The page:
Jordan moved to another problem: the puny sum of domestic savings in Russia. For comparison, Brazil – whose economy is similar to Russia’s in a lot of ways – has about $1.1 trillion in domestic savings, whereas Russia has only $134 billion. This translates to a poor national pension fund. Jordan’s company had built the 8th largest pension fund in Russia, but then sold it in 2012 right before Russia’s pension reform, which Jordan views as a negative development. He added that the Russian government – via bureaucratic measures – cut off 50% of people trying to switch to a non-government pension fund. “There is no legislation to stimulate savings,” he said.
Other problems that Jordan pointed out were a high corporate tax, underinvestment and inefficient tender processes in infrastructure development (it is 3 to 4 times more expensive to build a road in Russia than in Sweden), underinvestment in education (“still living off of investments made in the 60s and 70s”), and an inadequate healthcare system.
Jordan offered another peculiarity of the Russian economy that stunts growth – the relative immobility of employees. 11% of US workers are mobile, while the figure is only 2.6% for Russia. This shows that few Russians are willing to relocate, and Jordan pointed to inadequate housing as the biggest culprit. A low 2% of GDP is devoted to housing in Russia, whereas China’s figure stands at 12%.
“We have come to a crossroads. We have used up all existing capacity. Now, it is about hard work and reforms. First and foremost, we need to build confidence. Build domestic capital; the real money is FID, but it’s not enough. We have to invest in housing stock. Have to invest in education and healthcare.” Thus Jordan finished his presentation and moved on to the question and answer session.
Question and Answer Session
The first question came from Rector Kharkhordin, who asked simply, “Why is Putin not doing this?” Jordan explained that though Putin is one of the smartest presidents he has ever met, his administration is getting old. The people in his administration have just been recycling and trading positions since 2002; this lack of new people, according to Jordan, is a significant hindrance to economic reform.
A later question brought up a comment Jordan had made earlier that Russia is perceived as a less attractive place to invest than Turkey, even though Turkey, by many measures, could be seen as less stable than Russia. “What drives this perception?” went the question. Jordan recalled being invited to visit Putin in 2003. During the visit, Jordan pushed for more economic reforms and Putin said the Russian people weren’t ready yet, giving this anecdote: “Imagine two farmers living next to each other. One farmer has one cow and the other has two. What do you think the dynamic will be? In the US, the farmer with one cow will want to have three to beat the other. Now what do you think the dynamic would be in Russia?” Putin had asked Jordan. Putin answered his own question, “The farmer with one cow is going to kill the other farmer’s cow so that each can have only one.” Turkey, Jordan continued, is perceived as being closer to Europe and so people may think they’re safer there. There is a lot of negativity in the US about Russia and much is driven by neo-cons like McCain, Jordan said. “Russia has an image problem.”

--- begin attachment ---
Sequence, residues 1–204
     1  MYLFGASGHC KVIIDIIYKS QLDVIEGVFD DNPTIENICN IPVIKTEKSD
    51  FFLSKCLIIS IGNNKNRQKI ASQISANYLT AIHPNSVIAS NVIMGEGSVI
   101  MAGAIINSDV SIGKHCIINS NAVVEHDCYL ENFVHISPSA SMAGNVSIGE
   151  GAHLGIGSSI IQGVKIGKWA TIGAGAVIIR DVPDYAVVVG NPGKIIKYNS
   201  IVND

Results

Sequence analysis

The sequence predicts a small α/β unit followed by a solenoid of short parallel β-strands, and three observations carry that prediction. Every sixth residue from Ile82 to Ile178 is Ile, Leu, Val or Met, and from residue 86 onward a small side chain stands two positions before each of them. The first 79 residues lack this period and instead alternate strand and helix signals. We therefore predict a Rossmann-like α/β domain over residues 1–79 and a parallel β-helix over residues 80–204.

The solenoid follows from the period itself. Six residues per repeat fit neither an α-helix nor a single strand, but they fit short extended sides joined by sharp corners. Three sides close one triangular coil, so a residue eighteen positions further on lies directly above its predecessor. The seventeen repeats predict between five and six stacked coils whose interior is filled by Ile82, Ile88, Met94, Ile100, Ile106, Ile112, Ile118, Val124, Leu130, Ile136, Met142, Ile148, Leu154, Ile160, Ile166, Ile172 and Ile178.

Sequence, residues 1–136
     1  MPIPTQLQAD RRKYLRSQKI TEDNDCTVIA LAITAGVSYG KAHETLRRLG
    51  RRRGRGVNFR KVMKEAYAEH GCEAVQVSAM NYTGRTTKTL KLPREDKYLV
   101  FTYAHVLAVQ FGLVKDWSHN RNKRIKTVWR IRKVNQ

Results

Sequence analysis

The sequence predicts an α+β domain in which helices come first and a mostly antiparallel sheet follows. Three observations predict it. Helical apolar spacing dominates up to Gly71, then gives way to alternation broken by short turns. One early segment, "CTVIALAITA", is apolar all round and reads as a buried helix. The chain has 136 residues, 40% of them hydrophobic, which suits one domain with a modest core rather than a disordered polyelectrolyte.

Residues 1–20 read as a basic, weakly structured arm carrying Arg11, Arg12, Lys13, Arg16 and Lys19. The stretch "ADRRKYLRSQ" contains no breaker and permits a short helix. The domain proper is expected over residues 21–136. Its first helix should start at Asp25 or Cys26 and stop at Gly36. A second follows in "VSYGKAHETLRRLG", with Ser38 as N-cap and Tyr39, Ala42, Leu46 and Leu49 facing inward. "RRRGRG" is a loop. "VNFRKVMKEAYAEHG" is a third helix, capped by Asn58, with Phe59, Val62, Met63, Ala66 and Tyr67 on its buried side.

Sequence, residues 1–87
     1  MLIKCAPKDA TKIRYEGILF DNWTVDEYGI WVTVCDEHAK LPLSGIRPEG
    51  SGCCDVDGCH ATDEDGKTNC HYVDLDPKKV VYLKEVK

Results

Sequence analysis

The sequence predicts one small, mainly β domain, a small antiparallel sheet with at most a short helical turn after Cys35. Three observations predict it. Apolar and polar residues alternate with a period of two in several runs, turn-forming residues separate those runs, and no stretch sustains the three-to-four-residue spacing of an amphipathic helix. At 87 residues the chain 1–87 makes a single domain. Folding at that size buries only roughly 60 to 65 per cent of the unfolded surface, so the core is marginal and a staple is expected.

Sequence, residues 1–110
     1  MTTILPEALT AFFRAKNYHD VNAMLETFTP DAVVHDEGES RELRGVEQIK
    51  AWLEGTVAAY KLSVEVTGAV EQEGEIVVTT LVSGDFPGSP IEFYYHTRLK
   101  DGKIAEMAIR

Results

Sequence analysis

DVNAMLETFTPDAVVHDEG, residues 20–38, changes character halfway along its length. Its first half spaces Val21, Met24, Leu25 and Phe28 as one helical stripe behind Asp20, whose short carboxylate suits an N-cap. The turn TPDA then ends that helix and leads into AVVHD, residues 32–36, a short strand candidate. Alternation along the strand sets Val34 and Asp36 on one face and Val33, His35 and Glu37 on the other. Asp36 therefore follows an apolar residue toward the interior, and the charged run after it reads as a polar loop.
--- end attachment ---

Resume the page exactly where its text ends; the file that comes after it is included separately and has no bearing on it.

“As far as the West is concerned, the Crimea is irrelevant. But it’s relevant as long as this is on the front pages in the US.”
Another question referred back to Jordan’s mentioning of Russia’s mobility problem and how to change it. Change can happen, according to Jordan, and one thing is that we need infrastructure and Russia has to work on its demographics with its health care. Opportunities will create jobs. “If you can find a job but no place to live, that’s a problem! Let’s create a housing boom.”
A later question raised the controversial issue of Crimea, and the sanctions that have come as a result of it being added to Russian territory. “I think with politics, I am not sure Putin had another choice. Politically speaking, he did what he had to do.” As to the economics, Jordan said that investment confidence had already been significantly damaged, and it was in the interests of the Russian economy to resolve the crisis as soon as possible. Investors are shelving or perhaps cancelling deals that had been in the planning before the crisis, he explained. “The quicker people talk about the ramifications for the economy, the quicker we’ll conclude the crisis,” Jordan said and turned to Western concerns. “As far as the West is concerned, the Crimea is irrelevant. But it’s relevant as long as this is on the front pages in the US.”
The question and answer session ended and Jordan stayed around for a little bit to chat with university students and professors.
Nicholas Watt is an ENERPO alumnus and the editor-in-chief of the ENERPO Journal.